Tagore's Spiritual side…
Maxwell Pereira

maxpk@vsnl.com

One is left with wondrous awe at the deep spiritual side to most Rabindranath Tagore's works. In example, in one of his most memorable poems, he begins with the line: "The world is insane with violence, every day there emerges a new kind of cruel conflict". This prompts him to pray to the Almighty to instill love and wisdom into a world afflicted with myriad ills - truly, reflecting the core of his spiritual humanism.

For Debendranath, Tagore's father, it was a monotheistic religion based on the Upanishads. Likewise, Rabindranath too was inspired by Advaita Vedanta. But his independent nature made it difficult for him to adhere to the rigidity of any institutional creed or dogma.

Religion, according to Tagore, "is not a fractional thing that can be doled out in fixed weekly or daily measures as one among various subjects in the school syllabus. It is the truth of our complete being, the consciousness of our personal relationship with the infinite; it is the true centre of gravity of our life."

He wrote, "If religion, instead of being the manifestation of a spiritual ideal, gives prominence to scriptures and external rites, then does it disturb the peace more than anything else." This has led some to describe Tagore's religion as the religion of humanity comprising all that is superb in all religions.

So religion for Tagore was a matter of personal conviction. He had greater faith in the individuals "all over the world who think clearly, feel nobly and act rightly", thus becoming channels of moral truth.

'The Religion of Man', for him, was an appeal for faith in man's sublimity, for nothing is greater than the Divine in man. He describes his own experience, "When I was 18, a sudden spring breeze of religious experience for the first time came to my life and passed away leaving in my memory a direct message of spiritual reality…. That which was memorable in this experience was its human message, the sudden expansion of my consciousness in the super-personal world of man….. Suddenly I became conscious of a stirring of soul within me. My world of experience in a moment seemed to become lighted, and facts that were detached and dim found a great unity of meaning… I felt that I had found my religion at last, the religion of Man, in which the infinite became defined in humanity…"

Tagore gave expression to this idea in his poems addressed to the Lord of Life, whom he called Jeevan Data. He believed in spiritual freedom, and referred to the uncontrolled excesses of passion that upset our balance and obscured the underlying harmony between the individual and universal spirit. This malady, which he called 'sin', distorts our freedom in the realms of matter, mind and spirit.

Tagore never considered himself a theologian or a philosopher. He was content to be known as a poet, describing himself as "Ami Kobi" (I am a poet). Always one with nature, he derived inspiration from it, seeing it as the physical manifestation of the Universal Spirit. He expressed this experience through his poetry.

His meditations on God, man and nature, especially in the Gitanjali - offerings of songs to the Infinite - not only echo the Vendantic perception of the Absolute but also convey the ardour of a Vaishnavaite bhakta's love for God.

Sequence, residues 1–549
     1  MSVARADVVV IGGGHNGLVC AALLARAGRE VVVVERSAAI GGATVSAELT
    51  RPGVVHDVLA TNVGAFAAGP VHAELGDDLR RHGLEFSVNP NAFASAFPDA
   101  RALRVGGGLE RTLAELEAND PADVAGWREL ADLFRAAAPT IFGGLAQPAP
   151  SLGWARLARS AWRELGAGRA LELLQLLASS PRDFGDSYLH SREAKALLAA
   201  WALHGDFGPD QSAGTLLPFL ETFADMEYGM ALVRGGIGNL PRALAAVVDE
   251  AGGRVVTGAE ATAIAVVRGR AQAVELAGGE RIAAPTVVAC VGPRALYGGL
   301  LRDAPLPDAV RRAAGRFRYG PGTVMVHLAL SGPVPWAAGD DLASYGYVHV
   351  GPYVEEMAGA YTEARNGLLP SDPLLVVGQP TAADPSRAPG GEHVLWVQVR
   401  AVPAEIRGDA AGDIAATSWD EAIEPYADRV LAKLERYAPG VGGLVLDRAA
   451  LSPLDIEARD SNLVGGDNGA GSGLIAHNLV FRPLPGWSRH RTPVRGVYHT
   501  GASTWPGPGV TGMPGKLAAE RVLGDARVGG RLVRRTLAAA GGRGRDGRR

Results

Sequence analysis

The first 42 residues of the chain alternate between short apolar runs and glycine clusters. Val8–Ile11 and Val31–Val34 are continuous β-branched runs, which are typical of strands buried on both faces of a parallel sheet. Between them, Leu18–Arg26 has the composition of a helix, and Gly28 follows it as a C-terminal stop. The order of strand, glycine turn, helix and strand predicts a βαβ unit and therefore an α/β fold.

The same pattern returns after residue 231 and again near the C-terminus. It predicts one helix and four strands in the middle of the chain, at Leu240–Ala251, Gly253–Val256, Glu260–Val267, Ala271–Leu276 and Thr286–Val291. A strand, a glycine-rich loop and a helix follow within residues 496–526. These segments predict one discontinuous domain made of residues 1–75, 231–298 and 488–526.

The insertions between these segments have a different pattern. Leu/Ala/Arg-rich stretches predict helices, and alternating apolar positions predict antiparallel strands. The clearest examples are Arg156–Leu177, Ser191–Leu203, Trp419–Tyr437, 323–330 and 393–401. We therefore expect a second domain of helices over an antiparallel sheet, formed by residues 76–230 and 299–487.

As a humanist, Tagore perceived a symbolic relationship between different world religions and tried to project in his writings their quintessential meaning. He found the eternal values of Buddhism, no less significant than the idea of a Supreme Being in the Upanishads. The anguished soul of a poet in him cried out for the healing touch of the Buddha in the face of the human spirit afflicted by greed, hatred and violence. "O Serene, O Free / in thine immeasurable mercy and goodness / wipe away all dark stains from the heart of this earth."

The British honoured Tagore with knighthood. He renounced it in protest against the Jallianwala Bagh massacre in 1919. Though he stood by his country against all odds, he was wary of chauvinistic excesses in the name of patriotism - as echoed by Atin, the protagonist of Tagore's short novel Char Adhay. For him, "that the life of the country can be saved by killing its soul, is the most monstrously false doctrine that nationalists all over the world are bellowing forth stridently". Ghare-Baire and Kabuliwallah are his other works where this spirit of humanism also finds expression.

Tagore's invocation to the Divinity for his country's redemption in Gitanjali is one of his most memorable poems, sung as a hymn even in Catholic churches today: "where the mind is without fear and the head is held high / where knowledge is free: / where the world has not been broken up into fragments by narrow domestic walls;/ where words come out from the depth of truth;/where tireless striving stretches its arms towards perfection:/where the clear stream of reason has not lost its way into the dreary desert sand of dead habit;/where the mind is led forward by thee into ever-widening thought and action-/into that heaven of freedom, my Father, let my country awake".

A Jesuit analyst on Tagore's spirituality comments: Tagore's life was a sustained search for a universal form of religious expression, rooted in the spirit of Indian tradition. He considered himself a solitary pilgrim in the eternal quest for boundless bliss perhaps beyond the realm of human experience.

900 words: 07.12.2004: Copy Right © Maxwell Pereira: 3725 Sec-23, Gurgaon-122002. You can interact with the author at http:// www.maxwellperira.com and maxpk@vsnl.com

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